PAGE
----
Not only are cold draughts a nuisance, they are expensive too. Windows that allow cold air in your home (and warm air out!) could be costing you £20 a year and an open fireplace will see you lose £15 a year.
While those figures might not break the bank, you want a warm and cosy home and why waste money that could be in your pocket? What can you do to keep the cold draughts at bay?
Insulating your home means it retains more heat. With energy becoming more expensive, hanging on to as much of it as possible in your home makes sense. But when it comes to insulation, what can you do?
What you must consider
The temptation is to find every hole or gap where you are ‘leaking’ warm air and seal it. But you need to take care that you’re not shutting off important points of your home that allow it to breathe.
For example, underfloor air bricks, grilles and extractor fans all help your home to get rid of stale air and bring in fresh air. This reduces condensation and mould, as well as making your home smell better. Sealing these means you could be storing up problems for the future.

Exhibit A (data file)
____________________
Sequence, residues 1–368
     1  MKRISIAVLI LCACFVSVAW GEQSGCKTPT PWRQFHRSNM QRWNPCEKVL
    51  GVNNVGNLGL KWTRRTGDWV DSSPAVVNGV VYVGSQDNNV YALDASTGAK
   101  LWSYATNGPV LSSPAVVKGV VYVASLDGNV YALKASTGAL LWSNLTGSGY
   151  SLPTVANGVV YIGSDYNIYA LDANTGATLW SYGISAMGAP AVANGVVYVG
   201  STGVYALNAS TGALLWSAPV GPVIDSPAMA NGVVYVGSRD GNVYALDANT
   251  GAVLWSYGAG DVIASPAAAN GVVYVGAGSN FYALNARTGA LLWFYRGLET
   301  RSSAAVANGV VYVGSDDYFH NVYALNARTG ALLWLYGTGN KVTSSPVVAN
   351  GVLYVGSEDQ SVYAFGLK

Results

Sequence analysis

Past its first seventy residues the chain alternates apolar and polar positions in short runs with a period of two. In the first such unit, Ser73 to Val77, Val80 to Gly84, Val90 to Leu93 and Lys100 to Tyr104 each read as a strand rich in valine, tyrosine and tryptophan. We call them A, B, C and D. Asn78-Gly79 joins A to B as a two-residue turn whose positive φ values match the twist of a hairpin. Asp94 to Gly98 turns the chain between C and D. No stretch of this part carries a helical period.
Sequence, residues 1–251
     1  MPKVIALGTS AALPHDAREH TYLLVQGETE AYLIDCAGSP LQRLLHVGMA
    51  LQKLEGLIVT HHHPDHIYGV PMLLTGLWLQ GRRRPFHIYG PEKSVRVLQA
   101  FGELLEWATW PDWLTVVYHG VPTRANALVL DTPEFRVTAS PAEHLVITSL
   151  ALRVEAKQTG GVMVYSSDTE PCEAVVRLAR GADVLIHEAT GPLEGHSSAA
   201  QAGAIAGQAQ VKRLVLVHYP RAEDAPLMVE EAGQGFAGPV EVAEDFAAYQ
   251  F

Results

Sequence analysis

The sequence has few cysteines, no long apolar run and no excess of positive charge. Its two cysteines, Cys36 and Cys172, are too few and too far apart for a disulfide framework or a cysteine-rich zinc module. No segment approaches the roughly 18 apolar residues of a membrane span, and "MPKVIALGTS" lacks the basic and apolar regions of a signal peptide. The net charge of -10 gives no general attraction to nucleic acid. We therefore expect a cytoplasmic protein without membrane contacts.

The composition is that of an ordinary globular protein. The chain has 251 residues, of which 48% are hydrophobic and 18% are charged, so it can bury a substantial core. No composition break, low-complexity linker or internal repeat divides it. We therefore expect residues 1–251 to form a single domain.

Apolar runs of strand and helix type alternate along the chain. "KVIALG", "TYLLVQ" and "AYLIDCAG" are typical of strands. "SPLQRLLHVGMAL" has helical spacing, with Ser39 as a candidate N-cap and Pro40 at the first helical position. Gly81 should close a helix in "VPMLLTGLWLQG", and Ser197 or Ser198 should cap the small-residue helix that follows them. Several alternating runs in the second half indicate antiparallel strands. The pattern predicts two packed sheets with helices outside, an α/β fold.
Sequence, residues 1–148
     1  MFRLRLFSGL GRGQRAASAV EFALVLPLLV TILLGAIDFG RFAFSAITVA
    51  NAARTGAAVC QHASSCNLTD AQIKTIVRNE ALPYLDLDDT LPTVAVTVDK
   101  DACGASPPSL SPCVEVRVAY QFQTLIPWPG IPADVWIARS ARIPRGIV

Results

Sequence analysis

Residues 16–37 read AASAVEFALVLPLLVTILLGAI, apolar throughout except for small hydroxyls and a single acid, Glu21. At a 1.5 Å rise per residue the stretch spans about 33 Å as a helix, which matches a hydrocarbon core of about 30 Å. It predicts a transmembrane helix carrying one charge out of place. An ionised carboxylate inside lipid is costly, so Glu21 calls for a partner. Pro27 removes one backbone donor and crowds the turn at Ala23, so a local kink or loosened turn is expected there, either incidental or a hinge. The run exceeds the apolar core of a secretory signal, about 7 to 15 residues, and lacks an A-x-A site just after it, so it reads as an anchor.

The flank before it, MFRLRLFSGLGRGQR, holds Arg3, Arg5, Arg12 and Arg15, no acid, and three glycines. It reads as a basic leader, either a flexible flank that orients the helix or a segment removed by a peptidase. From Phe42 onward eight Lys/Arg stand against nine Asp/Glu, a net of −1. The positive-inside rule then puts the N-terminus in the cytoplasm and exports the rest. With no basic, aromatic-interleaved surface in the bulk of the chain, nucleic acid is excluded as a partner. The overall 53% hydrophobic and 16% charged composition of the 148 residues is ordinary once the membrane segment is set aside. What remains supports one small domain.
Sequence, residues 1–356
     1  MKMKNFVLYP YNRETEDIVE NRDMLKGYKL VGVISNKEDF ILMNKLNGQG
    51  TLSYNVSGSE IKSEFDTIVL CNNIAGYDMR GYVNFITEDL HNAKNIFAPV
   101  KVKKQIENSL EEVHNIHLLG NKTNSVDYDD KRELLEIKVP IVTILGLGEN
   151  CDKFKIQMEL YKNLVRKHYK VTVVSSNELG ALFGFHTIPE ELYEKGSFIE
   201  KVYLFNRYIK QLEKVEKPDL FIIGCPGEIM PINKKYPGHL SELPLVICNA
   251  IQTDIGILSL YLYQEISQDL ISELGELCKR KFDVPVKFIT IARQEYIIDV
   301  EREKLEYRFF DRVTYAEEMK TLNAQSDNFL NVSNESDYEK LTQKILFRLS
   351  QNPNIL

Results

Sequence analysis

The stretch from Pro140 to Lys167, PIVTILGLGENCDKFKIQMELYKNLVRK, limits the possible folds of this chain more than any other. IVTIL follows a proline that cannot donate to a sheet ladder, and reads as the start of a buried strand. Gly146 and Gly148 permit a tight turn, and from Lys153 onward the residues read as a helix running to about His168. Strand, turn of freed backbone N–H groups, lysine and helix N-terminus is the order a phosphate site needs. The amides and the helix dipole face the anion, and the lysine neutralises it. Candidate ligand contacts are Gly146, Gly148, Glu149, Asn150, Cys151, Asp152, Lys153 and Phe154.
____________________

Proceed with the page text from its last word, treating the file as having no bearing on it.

DIY draught excluding ideas
That said, with a few basic tools and materials, it is possible to reduce the niggling cold air draughts in your home:
1. Around doors and windows
The most common place to find a cold draught is around single glazed windows and doors, although poorly fitted double glazed units can also allow cold air through small gaps and holes.
There are all kinds of products on the market that you can use to reduce these draughts, including sealants and fillers.
However, it may be that to get rid of these draughts completely you’ll need to invest in new double glazed windows and doors.
2. Draught excluders
Sometimes, the simplest of solutions work and can help to introduce colour into a room too. Curtains with linings, for example, are great for draught-proofing windows as are draught excluders.
A common place for cold draughts to find their way into your home is through gaps left when pipes are inserted into walls.
Check under the kitchen sink, the bathroom sink and in any places where pipes enter your property. Use a foaming sealer to plug the hole without pressure on the pipe.
An open fire is delightful but when there isn’t a fire in the grate, the flue is open and cold air is barrelling its way into the room. There are chimney plugs you can buy. Small, tough plastic, that you can simply blow up and place in the chimney.
Finding small gaps in walls and around doors and windows – and plugging them – will help to reduce your energy bill. And with cold draughts gone, your home will be warm and comfortable.Tags: draught excluders